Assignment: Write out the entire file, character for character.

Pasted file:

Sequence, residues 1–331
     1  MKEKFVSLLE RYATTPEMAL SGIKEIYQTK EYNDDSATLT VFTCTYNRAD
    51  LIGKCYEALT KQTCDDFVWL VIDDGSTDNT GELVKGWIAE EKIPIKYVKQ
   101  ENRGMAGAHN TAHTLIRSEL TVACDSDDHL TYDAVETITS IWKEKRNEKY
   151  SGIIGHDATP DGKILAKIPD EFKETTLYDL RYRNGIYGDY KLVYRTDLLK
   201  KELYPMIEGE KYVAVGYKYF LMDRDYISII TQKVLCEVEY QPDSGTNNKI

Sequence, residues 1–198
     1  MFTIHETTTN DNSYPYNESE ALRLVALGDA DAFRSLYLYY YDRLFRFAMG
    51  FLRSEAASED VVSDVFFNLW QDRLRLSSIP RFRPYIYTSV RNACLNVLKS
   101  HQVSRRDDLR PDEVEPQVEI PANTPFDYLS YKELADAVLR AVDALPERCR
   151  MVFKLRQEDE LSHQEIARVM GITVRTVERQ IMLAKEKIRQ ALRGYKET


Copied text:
Sequence, residues 1–331
     1  MKEKFVSLLE RYATTPEMAL SGIKEIYQTK EYNDDSATLT VFTCTYNRAD
    51  LIGKCYEALT KQTCDDFVWL VIDDGSTDNT GELVKGWIAE EKIPIKYVKQ
   101  ENRGMAGAHN TAHTLIRSEL TVACDSDDHL TYDAVETITS IWKEKRNEKY
   151  SGIIGHDATP DGKILAKIPD EFKETTLYDL RYRNGIYGDY KLVYRTDLLK
   201  KELYPMIEGE KYVAVGYKYF LMDRDYISII TQKVLCEVEY QPDSGTNNKI

Sequence, residues 1–198
     1  MFTIHETTTN DNSYPYNESE ALRLVALGDA DAFRSLYLYY YDRLFRFAMG
    51  FLRSEAASED VVSDVFFNLW QDRLRLSSIP RFRPYIYTSV RNACLNVLKS
   101  HQVSRRDDLR PDEVEPQVEI PANTPFDYLS YKELADAVLR AVDALPERCR
   151  MVFKLRQEDE LSHQEIARVM GITVRTVERQ IMLAKEKIRQ ALRGYKET